Unfathomable greed and lack of compassion must be the necessary prerequisite to doing the kind of 'business' half of America believes is holy doctrine. This won't be easy.
-3 # egbegb 2012-11-14 17:45
Spoken by someone who has never started a business.
Is that correct, Lgfoot?
If not why did you start your business?
-37 # America 2012-11-12 13:49
First part of this article brilliant.

But to blame the storm on man's activities causing climate change is preposterous.

The writer and all the climate change proponents need to check the 4 billion years of the history of this planet and just don't misjudge the power of 'nature'.

Check the top 10 terrifying natural disasters at

Then go figure how man caused them.

These simplistic explanantions ... are they supposed to make the thousands suffering people in NJ and NYC look for human scapegoats?
+18 # Todd Williams 2012-11-12 13:49
Wow. That really blew me away! I was just looking at a news piece on CNN regarding the lack of electrical power in the Far Rockaways and the resulting suffering in a high-rise public housing project. I wonder when developers will be clamoring to get rid of the public housing and put up uber rich condos? After all, the land is near the beach and too valuable for those poor folks in public housing.
+23 # Vardoz 2012-11-12 13:51
Corporations want to undo our Democracy and would be happy if all regs and protections are dead and buried at any cost to people or the planet. They are Maggots and if not regulated will destroy everything.
+8 # Kimc 2012-11-12 15:45
We need more solutions -- doable solutions. I agree with what Naomi says, but how do we get there from here? How do we make this change?
+3 # hbheinze 2012-11-12 19:45
Kimc, I'm with you. I absolutely agree with everything Naomi says, but I always feel absolutely helpless. Yes, there might be solutions, but they're so huge & lofty & seemingly unreachable---w hat can one ordinary citizen DO? That's what nobody seems to know! So frustrating!!!
0 # Derek1G 2012-11-14 15:18
Turn your yard or a vacant lot into a garden using principles of Permaculture. It's an empowering, invigorating, proactive thing to do. And in the long run, it will taste good while supporting good health.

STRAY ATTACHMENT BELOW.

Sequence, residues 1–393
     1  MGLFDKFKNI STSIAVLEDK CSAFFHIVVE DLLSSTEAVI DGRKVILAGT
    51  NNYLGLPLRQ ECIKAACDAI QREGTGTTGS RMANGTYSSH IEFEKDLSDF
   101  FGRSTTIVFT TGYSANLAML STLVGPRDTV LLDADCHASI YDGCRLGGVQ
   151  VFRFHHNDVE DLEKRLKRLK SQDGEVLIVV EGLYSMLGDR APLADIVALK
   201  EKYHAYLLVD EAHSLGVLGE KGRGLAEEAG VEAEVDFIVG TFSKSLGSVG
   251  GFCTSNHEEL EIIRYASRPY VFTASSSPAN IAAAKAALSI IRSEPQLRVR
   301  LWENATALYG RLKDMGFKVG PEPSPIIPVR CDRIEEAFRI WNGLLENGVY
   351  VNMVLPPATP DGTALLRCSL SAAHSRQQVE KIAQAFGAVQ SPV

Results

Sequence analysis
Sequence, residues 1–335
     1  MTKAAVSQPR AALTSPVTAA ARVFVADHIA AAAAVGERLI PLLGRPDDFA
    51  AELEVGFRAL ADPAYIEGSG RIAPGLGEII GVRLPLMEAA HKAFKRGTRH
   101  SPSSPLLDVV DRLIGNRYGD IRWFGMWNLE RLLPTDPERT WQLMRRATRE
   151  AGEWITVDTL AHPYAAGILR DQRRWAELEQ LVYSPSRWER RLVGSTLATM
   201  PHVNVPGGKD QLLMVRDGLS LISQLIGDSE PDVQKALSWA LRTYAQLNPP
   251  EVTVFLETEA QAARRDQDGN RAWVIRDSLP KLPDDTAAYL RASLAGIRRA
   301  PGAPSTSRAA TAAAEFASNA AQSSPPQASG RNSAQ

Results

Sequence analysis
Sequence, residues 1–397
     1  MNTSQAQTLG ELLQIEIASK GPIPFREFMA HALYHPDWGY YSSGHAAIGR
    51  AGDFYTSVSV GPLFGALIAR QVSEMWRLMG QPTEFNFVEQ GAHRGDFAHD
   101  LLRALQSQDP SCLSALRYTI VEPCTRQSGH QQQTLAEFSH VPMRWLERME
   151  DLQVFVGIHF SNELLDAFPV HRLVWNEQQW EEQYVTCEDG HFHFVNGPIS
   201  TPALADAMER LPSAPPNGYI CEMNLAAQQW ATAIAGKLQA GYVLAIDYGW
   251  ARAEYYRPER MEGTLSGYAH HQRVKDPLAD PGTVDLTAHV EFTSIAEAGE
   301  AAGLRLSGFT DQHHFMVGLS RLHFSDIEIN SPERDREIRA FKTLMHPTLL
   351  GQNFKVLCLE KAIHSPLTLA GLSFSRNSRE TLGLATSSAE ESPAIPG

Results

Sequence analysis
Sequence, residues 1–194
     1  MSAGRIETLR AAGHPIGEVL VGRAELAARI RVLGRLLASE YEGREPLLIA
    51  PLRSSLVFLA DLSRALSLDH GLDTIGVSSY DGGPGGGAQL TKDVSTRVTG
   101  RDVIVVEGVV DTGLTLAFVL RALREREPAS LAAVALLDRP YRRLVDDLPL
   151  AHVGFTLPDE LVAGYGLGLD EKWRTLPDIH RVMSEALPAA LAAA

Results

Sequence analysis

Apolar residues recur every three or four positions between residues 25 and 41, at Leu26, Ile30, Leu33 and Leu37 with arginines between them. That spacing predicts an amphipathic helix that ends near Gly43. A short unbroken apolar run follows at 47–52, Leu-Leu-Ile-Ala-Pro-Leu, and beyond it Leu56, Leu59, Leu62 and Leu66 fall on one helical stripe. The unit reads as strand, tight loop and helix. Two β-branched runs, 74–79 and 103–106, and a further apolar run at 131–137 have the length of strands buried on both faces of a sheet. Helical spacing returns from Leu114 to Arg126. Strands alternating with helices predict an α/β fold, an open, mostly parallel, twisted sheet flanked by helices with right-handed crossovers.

0 # John Steinsvold 2012-11-12 18:48
An Alternative to Capitalism (since we cannot legislate morality)

Several decades ago, Margaret Thatcher claimed: "There is no alternative".
She was referring to capitalism. Today, this negative attitude still persists.

I would like to offer an alternative to capitalism for the American people to consider. Please click on the following link. It will take you to an essay titled: "Home of the Brave?" which was published by the Athenaeum Library of Philosophy:

John Steinsvold

“Insanity is doing the same thing over and over and expecting a different result."~ Albert Einstein
0 # dbriz 2012-11-12 20:01
An Alternative to John Steinsvold (since we can't censor these threads)

One glass of Cabernet, soft music, dim lights. If still unable to ignore, repeat the procedure.

"Insanity is caused by seeing the same freeloading advertisement over and over again." dbriz
-4 # Milarepa 2012-11-13 00:57
I'm always delighted to get a lot of red thumbs-down. It means I'm having an effect on readers, maybe even upsetting them. We need to be upset these days, that's where change comes from, doesn't it?
+2 # Todd Williams 2012-11-13 10:09
Yes, change comes from a compromise (in some cases) between equally intellegent and committed people. It does not come from inane statments meant to shock.
+1 # John Steinsvold 2012-11-13 11:27

Today, we live in a materialistic society. Material wealth is a status symbol. Currently in the USA, wealth directly symbolizes competence, power, and intelligence. In a way of life without money, we will all be economically equal (or nearly so; at least poverty will be eliminated). You will not be able to tell a CEO from a janitor by the clothes they wear or by the cars they drive or by the homes they live in. The aristocracy in a way of life without money will be those who contribute the most to society in the way of achievement, leadership & ideas. They will be held in our esteem.